My dirty little cooking secret?
I rely waaayyy too much on prepackaged Indian spice mixes when I’m looking to make something quick. The heart of the matter is that I’m lazy and if I can take a shortcut I will. It’s not that I don’t make Indian food from scratch, I do. But not when it needs to be quick.
I’ve talked about my guilt about using these mixes before, but sometimes you gotta do what you gotta do. But I won’t use just any mix/spice paste. Oh no. I’ve tried the ones you can get at World Market, Whole Foods, and Trader Joes, and they just don’t do it for me. Something just doesn’t ring true about them. No, if I’m going to cheat I’m going to do it right and use prepackaged spice mixes or pastes from the Indian stores. 🙂
There are several big brands at these stores — Shan, National, and MDH are the ones that come to mind first. I tend to use the Shan ones. As I’ve mentioned before, while they don’t taste like the stuff I ate growing up, I do like the spice combinations they use. If I’m at the Indian store, I will pick up a few packages here and there — mostly kabab and biryani mixes, since those dishes tend to have long complicated lists of spices in the first place. I’ve picked up a generic chicken or beef curry mix here or there, but with those I will only use a little bit of their mix to supplement what I’ve done on my own, since chicken and beef curry are pretty simple and straight-forward.
Today I wanted to use up some chicken thighs we had and make something that would last us a few days. I went shopping in our pantry and dug up a box of Shan Memoni Mutton Biryani mix. I have no idea what Memoni biryani is. And I don’t do mutton (goat/sheep), but it’s all meat in the end.
To be somewhat honest, I am still not quite sure what the difference is between a pullao and a biryani, especially the way I make them. For me, if I’m making chicken pullao then I’m cooking the chicken and rice together with spices. But biryani is more complex in terms of spices and cooking. You basically make a meat curry and partially cook some rice, and you layer the two and let them finish cooking together. So I guess the subtle difference is the amount of spice and whether you’re cooking it together from the beginning or at the end. Anyway, I like them both.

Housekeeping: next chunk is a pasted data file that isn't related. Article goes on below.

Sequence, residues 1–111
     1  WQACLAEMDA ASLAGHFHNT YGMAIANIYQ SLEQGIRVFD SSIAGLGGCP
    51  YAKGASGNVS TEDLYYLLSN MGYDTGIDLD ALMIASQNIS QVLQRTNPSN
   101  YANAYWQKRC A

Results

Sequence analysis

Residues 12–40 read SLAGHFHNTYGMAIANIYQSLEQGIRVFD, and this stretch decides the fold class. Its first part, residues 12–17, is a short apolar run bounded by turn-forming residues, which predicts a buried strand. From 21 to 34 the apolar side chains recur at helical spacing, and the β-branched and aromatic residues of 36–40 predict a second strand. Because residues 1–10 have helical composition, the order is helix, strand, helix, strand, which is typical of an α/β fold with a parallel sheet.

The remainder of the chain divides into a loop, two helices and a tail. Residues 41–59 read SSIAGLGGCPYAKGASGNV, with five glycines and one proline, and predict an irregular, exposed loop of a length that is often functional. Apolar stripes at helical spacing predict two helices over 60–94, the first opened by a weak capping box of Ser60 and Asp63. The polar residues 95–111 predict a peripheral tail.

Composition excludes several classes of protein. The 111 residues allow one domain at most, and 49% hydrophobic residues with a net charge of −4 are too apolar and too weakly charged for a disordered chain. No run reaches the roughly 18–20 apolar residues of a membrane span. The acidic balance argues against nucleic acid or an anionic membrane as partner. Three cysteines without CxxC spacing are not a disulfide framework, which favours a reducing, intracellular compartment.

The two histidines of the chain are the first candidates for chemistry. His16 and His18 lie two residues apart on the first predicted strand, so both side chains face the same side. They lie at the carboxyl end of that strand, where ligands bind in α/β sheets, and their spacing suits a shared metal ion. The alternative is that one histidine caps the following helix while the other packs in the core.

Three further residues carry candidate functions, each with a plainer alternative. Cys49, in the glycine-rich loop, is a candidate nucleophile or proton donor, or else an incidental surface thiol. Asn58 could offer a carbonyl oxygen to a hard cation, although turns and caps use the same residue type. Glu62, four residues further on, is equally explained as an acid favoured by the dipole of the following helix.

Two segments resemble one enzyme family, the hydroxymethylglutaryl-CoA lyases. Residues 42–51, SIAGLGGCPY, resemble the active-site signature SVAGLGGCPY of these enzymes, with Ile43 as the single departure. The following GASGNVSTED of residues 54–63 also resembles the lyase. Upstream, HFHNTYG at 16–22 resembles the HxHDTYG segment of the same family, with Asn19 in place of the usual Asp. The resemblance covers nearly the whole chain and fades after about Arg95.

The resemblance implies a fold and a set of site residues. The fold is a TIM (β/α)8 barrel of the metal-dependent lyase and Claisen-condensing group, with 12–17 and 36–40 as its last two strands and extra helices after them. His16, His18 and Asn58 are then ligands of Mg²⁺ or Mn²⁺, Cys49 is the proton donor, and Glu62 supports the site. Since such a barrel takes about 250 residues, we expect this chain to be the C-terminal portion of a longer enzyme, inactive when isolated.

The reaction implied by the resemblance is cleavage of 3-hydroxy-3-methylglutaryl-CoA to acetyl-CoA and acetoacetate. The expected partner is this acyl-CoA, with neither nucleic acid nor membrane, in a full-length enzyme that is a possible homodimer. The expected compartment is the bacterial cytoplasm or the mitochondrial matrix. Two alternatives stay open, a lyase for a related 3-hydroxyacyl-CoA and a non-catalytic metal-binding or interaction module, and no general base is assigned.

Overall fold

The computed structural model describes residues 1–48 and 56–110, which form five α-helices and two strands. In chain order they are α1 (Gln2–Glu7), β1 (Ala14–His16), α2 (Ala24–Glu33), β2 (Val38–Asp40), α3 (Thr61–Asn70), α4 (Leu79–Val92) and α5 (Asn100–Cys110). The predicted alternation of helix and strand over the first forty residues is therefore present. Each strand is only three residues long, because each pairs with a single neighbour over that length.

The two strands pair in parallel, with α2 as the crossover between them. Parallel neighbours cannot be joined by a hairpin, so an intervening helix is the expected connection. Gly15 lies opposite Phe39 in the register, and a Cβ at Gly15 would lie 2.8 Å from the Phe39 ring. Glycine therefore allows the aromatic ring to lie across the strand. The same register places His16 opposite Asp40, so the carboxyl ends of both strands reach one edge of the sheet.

Now when I use these spice mixes, I very rarely follow the recipe on the box verbatim. I’ll use it as a general guide or just use the spices as I please. Today I used it as a general guide.
So, I browned some chopped onion in hot oil, then I added minced garlic and ginger paste.
I dumped half the spice mix onto some cut-up boneless skinless thighs, along with half a container of yogurt and let that sit for a bit.
Then I added the other halves of the spice mix and yogurt to the onion-ginger-garlic in the pan.
Then I added the chicken pieces, browned for a bit, added water, brought to a boil, lowered the heat, covered, and let it cook for about 20 minutes.
In the meantime I rinsed some basmati rice (do NOT use ordinary grocery-store variety long-grain rice for biryani or pullao. It is a sacrilege.) and got that cooking. And do not even think of using instant rice. Just please don’t go there.
Oh and I preheated the oven to 425.
Once the chicken was done and the rice mostly done, it was time for the layering.
First, a layer of chicken and gravy. Then rice. Then more chicken and gravy. Then a final layer of rice. Then I covered it up with foil and popped it in the oven for about 20 minutes.
And then . . .
And I don’t have to worry about dinner for the next few nights!